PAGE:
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|Title:||The magnitude and mechanisms of the weekend effect in hospital admissions: A protocol for a mixed methods review incorporating a systematic review and framework synthesis|
Bion, Julian F.
|Citation:||Systematic Reviews, 2016, 5(84)|
|Abstract:||Background Growing literature has demonstrated that patients admitted to hospital during weekends tend to have less favourable outcomes, including increased mortality, compared with similar patients admitted during weekdays. Major policy interventions such as the 7-day services programme in the UK NHS have been initiated to reduce this weekend effect, although the mechanisms behind the effect are unclear. Here, we propose a mixed methods review to systematically examine the literature surrounding the magnitude and mechanisms of the weekend effect. Methods MEDLINE, CINAHL, HMIC, EMBASE, EthOS, CPCI and the Cochrane Library were searched from Jan 2000 to April 2015 using terms related to ‘weekends or out-of-hours’ and ‘hospital admissions’. The 5404 retrieved records were screened by the review team, and will feed into two component reviews: a systematic review of the magnitude of the weekend effect and a framework synthesis of the mechanisms of the weekend effect. A repeat search of MEDLINE will be conducted mid-2016 to update both component reviews. The systematic review will include quantitative studies of non-specific hospital admissions. The primary outcome is the weekend effect on mortality, which will be estimated using a Bayesian random effects meta-analysis. Weekend effects on adverse events, length of hospital stay and patient experience will also be examined. The development of the framework synthesis has been informed by the initial scoping of the literature and focus group discussions. The synthesis will examine both quantitative and qualitative studies that have compared the processes and quality of care between weekends and weekdays, and explicate the underlying mechanisms of the weekend effect. Discussion The weekend effect is a complex phenomenon that has major implications for the organisation of health services. Its magnitude and underlying mechanisms have been subject to heated debate. Published literature reviews have adopted restricted scopes or methods and mainly focused on quantitative evidence. This proposed review intends to provide a comprehensive and in-depth synthesis of diverse evidence to inform future policy and research aiming to address the weekend effect. Systematic review registration PROSPERO 2016: CRD42016036487|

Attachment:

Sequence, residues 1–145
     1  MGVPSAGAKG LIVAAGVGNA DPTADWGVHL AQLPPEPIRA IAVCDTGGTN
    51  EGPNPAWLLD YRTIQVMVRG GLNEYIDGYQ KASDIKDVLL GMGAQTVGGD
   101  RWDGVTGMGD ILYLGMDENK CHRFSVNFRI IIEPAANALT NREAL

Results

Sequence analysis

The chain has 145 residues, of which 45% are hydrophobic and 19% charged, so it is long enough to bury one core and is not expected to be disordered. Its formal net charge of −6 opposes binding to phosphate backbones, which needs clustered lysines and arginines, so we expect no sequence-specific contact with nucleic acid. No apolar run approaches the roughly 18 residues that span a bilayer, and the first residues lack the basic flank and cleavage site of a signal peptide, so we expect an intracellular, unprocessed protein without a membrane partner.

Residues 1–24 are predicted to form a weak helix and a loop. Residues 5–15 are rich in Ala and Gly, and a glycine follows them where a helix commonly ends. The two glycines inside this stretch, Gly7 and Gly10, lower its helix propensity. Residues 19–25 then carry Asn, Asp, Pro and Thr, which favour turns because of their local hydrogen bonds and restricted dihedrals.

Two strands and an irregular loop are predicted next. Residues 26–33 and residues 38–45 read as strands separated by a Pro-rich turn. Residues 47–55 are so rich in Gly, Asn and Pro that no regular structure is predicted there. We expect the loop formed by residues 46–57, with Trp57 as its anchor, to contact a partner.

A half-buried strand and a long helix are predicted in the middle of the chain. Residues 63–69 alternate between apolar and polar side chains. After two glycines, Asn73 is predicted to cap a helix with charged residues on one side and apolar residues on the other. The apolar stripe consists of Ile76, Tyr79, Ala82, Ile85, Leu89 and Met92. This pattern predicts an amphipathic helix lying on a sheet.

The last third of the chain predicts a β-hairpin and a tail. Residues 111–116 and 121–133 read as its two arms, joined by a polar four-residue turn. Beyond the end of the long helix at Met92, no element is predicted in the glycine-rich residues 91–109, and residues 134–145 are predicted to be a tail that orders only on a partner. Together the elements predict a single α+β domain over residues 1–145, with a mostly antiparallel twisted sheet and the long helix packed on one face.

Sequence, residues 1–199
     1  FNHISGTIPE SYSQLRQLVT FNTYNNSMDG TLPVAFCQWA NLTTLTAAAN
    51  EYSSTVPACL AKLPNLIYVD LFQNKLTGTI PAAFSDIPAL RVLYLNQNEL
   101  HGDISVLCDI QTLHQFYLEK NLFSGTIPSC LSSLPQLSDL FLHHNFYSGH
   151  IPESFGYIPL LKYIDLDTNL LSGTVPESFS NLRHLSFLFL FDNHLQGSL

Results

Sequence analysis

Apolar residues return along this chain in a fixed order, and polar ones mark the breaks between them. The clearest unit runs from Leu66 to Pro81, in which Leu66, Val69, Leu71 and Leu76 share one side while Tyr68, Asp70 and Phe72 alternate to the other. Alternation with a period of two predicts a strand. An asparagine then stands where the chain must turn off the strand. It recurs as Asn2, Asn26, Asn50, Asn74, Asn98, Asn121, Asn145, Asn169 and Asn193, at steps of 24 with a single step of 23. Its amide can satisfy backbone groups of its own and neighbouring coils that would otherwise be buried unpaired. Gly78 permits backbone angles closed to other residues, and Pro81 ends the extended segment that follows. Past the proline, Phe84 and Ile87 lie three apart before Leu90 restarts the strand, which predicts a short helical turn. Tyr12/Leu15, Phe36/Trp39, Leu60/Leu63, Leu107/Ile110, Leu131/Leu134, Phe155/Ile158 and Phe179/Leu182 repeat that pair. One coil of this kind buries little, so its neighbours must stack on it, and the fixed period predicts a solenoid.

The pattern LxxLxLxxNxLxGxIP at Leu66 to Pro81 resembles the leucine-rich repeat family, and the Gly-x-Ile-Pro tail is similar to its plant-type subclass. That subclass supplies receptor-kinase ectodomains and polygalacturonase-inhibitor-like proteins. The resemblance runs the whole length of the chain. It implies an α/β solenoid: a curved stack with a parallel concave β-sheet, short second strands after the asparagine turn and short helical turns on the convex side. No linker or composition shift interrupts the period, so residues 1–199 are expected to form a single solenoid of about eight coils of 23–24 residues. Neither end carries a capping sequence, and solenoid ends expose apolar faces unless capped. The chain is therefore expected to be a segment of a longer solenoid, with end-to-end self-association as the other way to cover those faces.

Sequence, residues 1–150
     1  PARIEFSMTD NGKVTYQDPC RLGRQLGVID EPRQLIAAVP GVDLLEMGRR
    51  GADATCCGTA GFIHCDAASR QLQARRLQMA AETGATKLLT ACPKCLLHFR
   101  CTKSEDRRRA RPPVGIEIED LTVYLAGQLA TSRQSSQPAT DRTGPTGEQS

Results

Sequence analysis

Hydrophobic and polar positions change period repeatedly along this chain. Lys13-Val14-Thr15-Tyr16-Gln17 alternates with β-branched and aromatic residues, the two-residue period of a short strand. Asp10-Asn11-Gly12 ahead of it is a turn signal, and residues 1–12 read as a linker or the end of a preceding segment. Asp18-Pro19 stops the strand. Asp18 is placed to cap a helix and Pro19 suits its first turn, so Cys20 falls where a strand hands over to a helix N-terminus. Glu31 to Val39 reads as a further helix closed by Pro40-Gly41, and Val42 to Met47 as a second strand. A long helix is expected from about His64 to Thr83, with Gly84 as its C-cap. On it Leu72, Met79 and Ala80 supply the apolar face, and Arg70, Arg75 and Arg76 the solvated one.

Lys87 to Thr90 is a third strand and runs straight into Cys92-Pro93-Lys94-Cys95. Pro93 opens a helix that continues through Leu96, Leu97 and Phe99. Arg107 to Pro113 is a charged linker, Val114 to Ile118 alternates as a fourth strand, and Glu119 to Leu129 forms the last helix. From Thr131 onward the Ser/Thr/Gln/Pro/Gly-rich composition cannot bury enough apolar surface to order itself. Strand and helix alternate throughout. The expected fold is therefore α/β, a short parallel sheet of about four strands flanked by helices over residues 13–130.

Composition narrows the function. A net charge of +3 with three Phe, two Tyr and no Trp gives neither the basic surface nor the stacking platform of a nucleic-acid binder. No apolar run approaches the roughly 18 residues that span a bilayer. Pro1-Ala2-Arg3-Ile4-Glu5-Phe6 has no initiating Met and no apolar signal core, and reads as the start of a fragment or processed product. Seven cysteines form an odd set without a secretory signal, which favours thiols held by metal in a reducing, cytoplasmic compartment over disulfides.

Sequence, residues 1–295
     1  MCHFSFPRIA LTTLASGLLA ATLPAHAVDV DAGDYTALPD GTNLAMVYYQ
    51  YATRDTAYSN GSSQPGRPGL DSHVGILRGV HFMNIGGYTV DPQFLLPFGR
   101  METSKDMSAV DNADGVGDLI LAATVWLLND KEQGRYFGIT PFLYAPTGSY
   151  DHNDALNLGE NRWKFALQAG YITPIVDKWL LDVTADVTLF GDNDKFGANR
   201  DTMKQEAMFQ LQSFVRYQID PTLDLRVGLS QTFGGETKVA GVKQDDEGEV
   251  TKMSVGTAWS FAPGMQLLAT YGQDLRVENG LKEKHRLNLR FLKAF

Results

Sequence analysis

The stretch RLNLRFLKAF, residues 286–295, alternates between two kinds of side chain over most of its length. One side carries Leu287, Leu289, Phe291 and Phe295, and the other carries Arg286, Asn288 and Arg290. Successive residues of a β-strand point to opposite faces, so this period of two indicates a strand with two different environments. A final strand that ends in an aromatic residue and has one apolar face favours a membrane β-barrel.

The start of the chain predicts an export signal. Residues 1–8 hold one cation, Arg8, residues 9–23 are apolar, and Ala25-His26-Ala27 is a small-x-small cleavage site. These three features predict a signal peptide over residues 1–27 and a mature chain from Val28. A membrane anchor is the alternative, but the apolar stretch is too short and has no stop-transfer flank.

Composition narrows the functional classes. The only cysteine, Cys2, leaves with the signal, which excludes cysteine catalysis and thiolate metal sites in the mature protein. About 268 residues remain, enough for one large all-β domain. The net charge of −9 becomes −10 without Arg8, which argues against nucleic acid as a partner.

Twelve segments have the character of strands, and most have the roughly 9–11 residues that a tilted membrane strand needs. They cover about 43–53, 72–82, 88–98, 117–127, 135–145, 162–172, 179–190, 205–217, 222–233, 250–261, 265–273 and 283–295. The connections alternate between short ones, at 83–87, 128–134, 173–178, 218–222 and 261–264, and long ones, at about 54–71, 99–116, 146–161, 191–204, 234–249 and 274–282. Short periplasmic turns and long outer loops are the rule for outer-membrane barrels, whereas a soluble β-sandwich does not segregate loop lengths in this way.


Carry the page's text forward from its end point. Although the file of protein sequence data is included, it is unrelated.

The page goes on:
|Rights:||Copyright © the authors, 2016. Following publication this article is distributed under the terms of the Creative Commons Attribution License ( http://creativecommons.org/licenses/by/4.0/ ), which permits unrestricted use, distribution, and reproduction in any medium, provided the original author and source are credited.|
|Appears in Collections:||Published Articles, Dept. of Health Sciences|
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